BeehiveBy beehive.govt.nz
    3 days ago
  • New Zealand to attend 'Summit on Peace in Ukraine' in Switzerland
    New Zealand will be represented at the Summit on Peace in Ukraine by Minister Mark Mitchell in Switzerland later this week.    “New Zealand strongly supports Ukraine’s efforts to build a comprehensive, just, and lasting peace,” Foreign Minister Winston Peters says.   “Minister Mitchell is a senior Cabinet Minister and ...
    BeehiveBy beehive.govt.nz
    3 days ago
  • Big step forward for M.bovis programme
    Farmers’ hard work is paying off in the fight against Mycoplasma bovis (M. bovis) with the move to a national pest management plan marking strong progress in the eradication effort, says Biosecurity Minister Andrew Hoggard.  “The plan, approved by the Coalition Government, was proposed by the programme partners DairyNZ, Beef ...
    BeehiveBy beehive.govt.nz
    3 days ago
  • Build To Rent opening welcomed by Housing Minister
    Prime Minister Christopher Luxon and Housing Minister Chris Bishop formally opened a new Build to Rent development in Mt Wellington this morning. “The Prime Minister and I were honoured to cut the ribbon of Resido, New Zealand’s largest Build to Rent development to date.  “Build to Rent housing, like the ...
    BeehiveBy beehive.govt.nz
    3 days ago
  • Agriculture to come out of the ETS
    The Government will deliver on its election commitment to take agriculture out of the New Zealand Emissions Trading Scheme (NZ ETS) and will establish a new Pastoral Sector Group to constructively tackle biogenic methane, Coalition Government Agriculture and Climate Change Ministers say. Agriculture Minister Todd McClay says New Zealand farmers ...
    BeehiveBy beehive.govt.nz
    3 days ago
  • Luxon Tokyo-bound for political and business visit
    Prime Minister Christopher Luxon will travel to Japan from 16-20 June, his first visit as Prime Minister.   “Japan is incredibly important to New Zealand's prosperity. It is the world’s fourth largest economy, and our fourth largest export destination.  “As you know, growing the economy is my number one priority. A strong economy means ...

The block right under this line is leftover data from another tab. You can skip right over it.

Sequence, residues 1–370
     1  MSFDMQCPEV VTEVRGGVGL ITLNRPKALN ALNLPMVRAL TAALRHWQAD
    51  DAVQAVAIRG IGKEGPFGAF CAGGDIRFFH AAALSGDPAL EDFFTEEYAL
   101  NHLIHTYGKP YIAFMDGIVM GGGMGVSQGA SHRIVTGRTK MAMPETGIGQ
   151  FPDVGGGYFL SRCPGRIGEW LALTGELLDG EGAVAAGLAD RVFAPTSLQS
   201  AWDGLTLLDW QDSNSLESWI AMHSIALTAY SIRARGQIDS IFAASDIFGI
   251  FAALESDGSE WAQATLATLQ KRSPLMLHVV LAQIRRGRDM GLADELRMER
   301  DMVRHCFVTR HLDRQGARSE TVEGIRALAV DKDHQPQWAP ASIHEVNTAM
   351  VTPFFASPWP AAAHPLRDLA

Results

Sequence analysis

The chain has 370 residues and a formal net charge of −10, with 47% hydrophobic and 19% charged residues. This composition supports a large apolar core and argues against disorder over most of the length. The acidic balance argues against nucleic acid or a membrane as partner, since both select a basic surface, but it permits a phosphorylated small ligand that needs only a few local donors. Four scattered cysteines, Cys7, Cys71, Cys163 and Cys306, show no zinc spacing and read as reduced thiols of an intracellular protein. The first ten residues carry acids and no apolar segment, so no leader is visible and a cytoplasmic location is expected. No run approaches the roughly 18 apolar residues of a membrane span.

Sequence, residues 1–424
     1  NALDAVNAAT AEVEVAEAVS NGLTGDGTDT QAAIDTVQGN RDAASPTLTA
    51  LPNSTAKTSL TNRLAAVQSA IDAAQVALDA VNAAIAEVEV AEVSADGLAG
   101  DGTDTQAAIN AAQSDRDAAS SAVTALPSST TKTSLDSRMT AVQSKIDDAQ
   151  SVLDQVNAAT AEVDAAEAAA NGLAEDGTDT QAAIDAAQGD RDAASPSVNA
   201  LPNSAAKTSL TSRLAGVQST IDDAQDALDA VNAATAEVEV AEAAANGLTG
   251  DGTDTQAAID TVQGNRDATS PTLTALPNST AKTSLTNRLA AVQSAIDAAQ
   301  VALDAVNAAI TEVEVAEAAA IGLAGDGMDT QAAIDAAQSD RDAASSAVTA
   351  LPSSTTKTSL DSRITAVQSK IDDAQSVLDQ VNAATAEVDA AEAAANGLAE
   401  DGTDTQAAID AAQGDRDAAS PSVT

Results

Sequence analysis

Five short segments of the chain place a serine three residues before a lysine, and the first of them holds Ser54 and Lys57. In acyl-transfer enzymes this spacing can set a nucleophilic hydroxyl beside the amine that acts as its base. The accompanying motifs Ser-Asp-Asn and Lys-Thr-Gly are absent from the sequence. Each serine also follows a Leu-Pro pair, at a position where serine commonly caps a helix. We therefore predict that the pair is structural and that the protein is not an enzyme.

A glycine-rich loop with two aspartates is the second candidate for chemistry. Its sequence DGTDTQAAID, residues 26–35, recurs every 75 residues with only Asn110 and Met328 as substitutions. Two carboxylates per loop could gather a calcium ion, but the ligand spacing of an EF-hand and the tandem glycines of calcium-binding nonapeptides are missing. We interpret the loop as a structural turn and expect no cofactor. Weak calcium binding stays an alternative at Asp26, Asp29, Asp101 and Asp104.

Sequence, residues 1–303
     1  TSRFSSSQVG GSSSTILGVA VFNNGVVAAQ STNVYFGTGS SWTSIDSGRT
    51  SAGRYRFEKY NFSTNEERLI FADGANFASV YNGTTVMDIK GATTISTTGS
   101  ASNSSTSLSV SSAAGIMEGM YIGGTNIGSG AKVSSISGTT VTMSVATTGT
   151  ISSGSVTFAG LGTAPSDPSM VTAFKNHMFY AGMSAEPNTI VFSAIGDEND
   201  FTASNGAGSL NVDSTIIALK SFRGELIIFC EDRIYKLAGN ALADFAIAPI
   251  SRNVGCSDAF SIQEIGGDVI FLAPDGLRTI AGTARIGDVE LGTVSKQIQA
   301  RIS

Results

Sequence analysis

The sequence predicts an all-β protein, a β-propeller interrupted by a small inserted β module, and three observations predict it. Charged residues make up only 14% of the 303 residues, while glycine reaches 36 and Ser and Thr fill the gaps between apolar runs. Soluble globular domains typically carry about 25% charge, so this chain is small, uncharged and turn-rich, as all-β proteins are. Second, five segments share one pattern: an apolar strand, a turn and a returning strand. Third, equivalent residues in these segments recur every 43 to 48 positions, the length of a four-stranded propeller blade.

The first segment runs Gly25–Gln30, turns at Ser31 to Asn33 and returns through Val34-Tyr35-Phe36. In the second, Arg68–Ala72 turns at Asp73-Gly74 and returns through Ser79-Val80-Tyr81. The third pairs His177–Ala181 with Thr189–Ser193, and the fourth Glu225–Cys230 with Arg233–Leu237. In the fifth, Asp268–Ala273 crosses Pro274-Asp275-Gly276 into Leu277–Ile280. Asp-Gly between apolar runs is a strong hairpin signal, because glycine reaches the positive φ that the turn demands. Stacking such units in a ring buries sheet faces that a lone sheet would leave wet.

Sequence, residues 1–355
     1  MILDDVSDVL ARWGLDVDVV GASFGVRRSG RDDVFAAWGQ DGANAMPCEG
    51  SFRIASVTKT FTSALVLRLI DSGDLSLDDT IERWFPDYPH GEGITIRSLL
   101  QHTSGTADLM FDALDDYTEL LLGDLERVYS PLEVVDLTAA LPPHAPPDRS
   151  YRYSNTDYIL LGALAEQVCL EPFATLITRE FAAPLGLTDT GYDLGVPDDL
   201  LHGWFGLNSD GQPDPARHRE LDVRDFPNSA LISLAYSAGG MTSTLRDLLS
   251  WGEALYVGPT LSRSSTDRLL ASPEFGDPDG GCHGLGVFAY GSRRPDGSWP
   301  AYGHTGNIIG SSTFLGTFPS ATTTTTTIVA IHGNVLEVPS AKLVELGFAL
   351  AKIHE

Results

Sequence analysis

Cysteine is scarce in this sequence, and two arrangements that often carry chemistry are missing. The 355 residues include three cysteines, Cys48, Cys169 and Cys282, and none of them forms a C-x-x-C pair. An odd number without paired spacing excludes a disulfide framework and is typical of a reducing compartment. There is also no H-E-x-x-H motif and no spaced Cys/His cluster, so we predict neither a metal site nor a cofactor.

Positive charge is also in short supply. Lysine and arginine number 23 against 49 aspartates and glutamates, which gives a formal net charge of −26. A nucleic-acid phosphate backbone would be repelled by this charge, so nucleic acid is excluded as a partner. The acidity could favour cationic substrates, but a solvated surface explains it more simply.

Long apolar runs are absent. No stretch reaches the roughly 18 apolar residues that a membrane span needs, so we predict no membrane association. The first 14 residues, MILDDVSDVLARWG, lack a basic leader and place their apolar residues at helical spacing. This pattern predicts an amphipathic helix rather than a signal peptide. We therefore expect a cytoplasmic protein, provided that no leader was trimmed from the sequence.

BeehiveBy beehive.govt.nz
    4 days ago
  • Bayly travels to Singapore for scam prevention meetings
    Minister of Commerce and Consumer Affairs, Andrew Bayly, travels to Singapore today to attend scam and fraud prevention meetings. “Scams are a growing international problem, and we are not immune in New Zealand. Organised criminal networks operate across borders, and we need to work with our Asia-Pacific partners to tackle ...
    BeehiveBy beehive.govt.nz
    4 days ago
  • More help for homeowners impacted by severe weather
    People who were displaced by severe weather events in 2022 and 2023 will be supported by the extension of Temporary Accommodation Assistance through to 30 June 2025. Social Development and Employment Minister Louise Upston says the coalition Government is continuing to help to those who were forced out of their ...
    BeehiveBy beehive.govt.nz
    5 days ago
  • Government to reverse oil and gas exploration ban
    Removing the ban on petroleum exploration beyond onshore Taranaki is part of a suite of proposed amendments to the Crown Minerals Act to deal with the energy security challenges posed by rapidly declining natural gas reserves, Resources Minister Shane Jones says. “Natural gas is critical to keeping our lights on ...
    BeehiveBy beehive.govt.nz
    5 days ago
  • New Zealand and Malaysia to intensify connections
    New Zealand and Malaysia intend to intensify their long-standing, deep connections, Foreign Minister Winston Peters says.    “Malaysia is one of New Zealand’s oldest friends in South-East Asia – and both countries intend to get more out of the relationship," Mr Peters says.   "Our connections already run deep and ...
    BeehiveBy beehive.govt.nz
    6 days ago
  • Ending contracted emergency housing motels in Rotorua
    The end of Contracted Emergency Housing (CEH) motels in Rotorua is nearing another milestone as the Ministry of Housing and Urban Development (HUD) announces it will not renew consents for six of the original 13 motels, Associate Housing Minister Tama Potaka says. The government is committed to stop using CEH ...